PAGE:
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British Museum’s ancient Greek Meidias vase will be loaned to Athens—leaving London for the first time in 250 years

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The British Museum is to lend an important Greek vase to the Acropolis Museum in Athens. This comes at a time when George Osborne, the chairman of the British Museum, is hoping to reach an amicable arrangement with Greece over the return of some of the Parthenon Marbles.

The Meidias Hydria is a painted water vase dating from 420 BC. Just over 50cm high, it is the masterpiece by the vase-painter known as the Meidias artist, after his signature on the British Museum’s pot. It is decorated with mythological scenes, including a series depicting Heracles, the god of strength.

The Meidias Hydria appears in the bottom right (now barely discernible) of Joshua Reynold’s portrait of William Hamilton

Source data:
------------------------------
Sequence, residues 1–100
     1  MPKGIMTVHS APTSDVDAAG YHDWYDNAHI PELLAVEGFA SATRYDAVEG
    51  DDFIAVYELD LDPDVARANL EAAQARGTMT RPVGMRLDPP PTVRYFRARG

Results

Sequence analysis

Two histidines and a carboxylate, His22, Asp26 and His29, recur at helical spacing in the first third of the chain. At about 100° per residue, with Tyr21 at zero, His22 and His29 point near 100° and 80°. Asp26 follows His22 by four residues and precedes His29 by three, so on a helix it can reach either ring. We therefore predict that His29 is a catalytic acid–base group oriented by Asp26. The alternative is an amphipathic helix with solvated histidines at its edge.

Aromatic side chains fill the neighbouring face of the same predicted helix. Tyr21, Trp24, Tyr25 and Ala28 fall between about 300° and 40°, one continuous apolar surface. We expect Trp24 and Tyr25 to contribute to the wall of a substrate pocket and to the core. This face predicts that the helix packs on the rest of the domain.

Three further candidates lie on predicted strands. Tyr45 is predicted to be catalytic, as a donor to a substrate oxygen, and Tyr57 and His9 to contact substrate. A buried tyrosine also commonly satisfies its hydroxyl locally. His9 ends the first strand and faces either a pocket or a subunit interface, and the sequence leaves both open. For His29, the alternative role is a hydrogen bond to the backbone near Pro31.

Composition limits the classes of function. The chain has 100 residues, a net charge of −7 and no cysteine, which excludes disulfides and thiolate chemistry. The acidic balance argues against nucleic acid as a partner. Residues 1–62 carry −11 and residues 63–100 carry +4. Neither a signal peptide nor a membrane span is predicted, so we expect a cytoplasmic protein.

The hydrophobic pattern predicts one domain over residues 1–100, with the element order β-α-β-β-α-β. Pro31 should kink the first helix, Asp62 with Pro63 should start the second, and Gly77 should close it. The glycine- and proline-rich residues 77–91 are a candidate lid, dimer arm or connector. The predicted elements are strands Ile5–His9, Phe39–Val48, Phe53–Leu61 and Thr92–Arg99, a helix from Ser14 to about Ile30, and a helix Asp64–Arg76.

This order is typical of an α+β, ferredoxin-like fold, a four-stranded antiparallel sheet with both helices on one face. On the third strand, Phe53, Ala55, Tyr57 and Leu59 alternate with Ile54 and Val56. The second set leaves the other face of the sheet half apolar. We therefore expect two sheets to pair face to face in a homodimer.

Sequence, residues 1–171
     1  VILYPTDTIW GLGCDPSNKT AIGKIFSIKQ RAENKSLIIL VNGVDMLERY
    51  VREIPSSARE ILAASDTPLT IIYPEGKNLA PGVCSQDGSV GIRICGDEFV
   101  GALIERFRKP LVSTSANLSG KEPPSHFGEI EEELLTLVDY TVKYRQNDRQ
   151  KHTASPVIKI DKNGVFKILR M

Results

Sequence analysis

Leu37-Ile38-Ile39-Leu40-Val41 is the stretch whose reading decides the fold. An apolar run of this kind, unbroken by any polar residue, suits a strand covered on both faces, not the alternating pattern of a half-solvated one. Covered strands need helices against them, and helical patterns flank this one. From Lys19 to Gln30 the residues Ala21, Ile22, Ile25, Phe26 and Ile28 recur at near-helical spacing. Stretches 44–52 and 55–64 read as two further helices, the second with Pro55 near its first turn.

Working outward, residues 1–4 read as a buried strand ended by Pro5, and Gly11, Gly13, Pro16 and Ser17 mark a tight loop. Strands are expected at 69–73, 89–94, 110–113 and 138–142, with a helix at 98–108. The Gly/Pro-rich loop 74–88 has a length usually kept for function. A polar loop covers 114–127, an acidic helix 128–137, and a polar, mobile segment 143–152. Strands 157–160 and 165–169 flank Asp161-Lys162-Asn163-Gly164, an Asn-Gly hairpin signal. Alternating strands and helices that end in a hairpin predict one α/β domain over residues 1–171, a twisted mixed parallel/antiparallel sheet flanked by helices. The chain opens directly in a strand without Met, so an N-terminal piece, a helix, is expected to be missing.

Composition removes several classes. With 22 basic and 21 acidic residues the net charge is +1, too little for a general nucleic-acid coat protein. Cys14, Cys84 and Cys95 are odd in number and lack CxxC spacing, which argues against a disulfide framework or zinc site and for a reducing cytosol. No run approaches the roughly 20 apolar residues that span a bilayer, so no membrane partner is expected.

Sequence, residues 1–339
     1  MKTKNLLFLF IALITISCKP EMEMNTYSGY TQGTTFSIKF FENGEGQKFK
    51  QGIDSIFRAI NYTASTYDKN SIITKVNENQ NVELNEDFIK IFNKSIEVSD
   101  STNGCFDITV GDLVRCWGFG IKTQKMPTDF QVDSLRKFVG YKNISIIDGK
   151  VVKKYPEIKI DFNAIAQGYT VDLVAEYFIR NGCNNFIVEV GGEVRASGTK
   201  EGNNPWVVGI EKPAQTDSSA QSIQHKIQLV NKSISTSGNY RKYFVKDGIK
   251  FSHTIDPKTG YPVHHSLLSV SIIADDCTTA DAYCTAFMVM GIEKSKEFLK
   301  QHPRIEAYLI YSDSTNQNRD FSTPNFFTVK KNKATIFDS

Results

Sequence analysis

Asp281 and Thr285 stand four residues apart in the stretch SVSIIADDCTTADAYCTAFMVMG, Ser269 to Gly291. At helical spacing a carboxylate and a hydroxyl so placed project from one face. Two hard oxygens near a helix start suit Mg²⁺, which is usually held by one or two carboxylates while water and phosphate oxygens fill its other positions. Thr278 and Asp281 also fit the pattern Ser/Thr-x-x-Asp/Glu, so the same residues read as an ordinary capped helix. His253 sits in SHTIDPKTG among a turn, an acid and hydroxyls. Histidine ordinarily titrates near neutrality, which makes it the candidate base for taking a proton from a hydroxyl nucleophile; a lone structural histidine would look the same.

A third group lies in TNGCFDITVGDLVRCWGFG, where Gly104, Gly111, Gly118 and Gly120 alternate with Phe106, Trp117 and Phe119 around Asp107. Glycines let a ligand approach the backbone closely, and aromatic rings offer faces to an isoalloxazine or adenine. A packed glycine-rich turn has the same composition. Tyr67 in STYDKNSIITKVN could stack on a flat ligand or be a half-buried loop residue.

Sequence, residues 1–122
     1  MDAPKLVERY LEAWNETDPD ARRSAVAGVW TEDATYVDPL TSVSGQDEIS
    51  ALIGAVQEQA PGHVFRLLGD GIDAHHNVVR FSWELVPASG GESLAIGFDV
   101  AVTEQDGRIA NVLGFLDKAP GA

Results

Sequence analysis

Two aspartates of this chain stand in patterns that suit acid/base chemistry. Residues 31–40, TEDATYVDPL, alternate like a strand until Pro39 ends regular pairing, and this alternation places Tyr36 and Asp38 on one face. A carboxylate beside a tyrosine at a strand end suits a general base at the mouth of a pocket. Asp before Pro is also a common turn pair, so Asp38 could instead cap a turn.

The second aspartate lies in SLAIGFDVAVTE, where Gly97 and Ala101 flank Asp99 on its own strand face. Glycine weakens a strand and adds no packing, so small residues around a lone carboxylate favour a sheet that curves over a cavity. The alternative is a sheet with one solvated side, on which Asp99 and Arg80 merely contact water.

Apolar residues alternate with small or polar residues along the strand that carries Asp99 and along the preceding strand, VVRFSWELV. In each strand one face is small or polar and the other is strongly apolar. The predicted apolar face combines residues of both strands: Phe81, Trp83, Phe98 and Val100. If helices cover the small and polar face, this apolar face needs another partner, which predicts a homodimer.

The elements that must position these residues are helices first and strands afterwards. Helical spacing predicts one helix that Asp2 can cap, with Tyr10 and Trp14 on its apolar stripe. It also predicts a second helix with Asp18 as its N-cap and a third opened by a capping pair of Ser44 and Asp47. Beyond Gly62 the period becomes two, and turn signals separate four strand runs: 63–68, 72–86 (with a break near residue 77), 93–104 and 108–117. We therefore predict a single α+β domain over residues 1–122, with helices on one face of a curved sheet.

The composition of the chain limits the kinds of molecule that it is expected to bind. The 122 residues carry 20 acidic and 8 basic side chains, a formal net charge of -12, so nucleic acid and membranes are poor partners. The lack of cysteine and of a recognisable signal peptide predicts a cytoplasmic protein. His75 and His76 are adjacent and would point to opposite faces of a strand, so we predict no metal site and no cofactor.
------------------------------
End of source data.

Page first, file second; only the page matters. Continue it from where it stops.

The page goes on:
Courtesy National Portrait Gallery

The vase was bought in Italy in the 1760s by William Hamilton, the British envoy to Naples and antiquarian. It prominently appears in the lower-right corner of a Reynolds portrait of Hamilton (now at London’s National Portrait Gallery).

In 1772, the Meidias Hydria was acquired by the British Museum. It has normally been on display and this is the first time in 250 years that it has ever been out on loan.

The exhibition at the Acropolis Museum, entitled Meanings: Personifications and Allegories from Antiquity to Today, runs from 4 December to 14 April 2024. The museum’s main attraction is the Parthenon Marbles which remain in Greece. If some of the British Museum’s Marbles were to return, they would be presented there.

After the Athens presentation the Meidias Hydria will go to Paris, for display in the Musée du Louvre’s exhibition Olympism: A modern invention, an ancient legacy (24 April-16 September 2024).

A British Museum spokesperson points out that the loan of the Meidias Hydria is part of the ongoing partnership with Greek museums.

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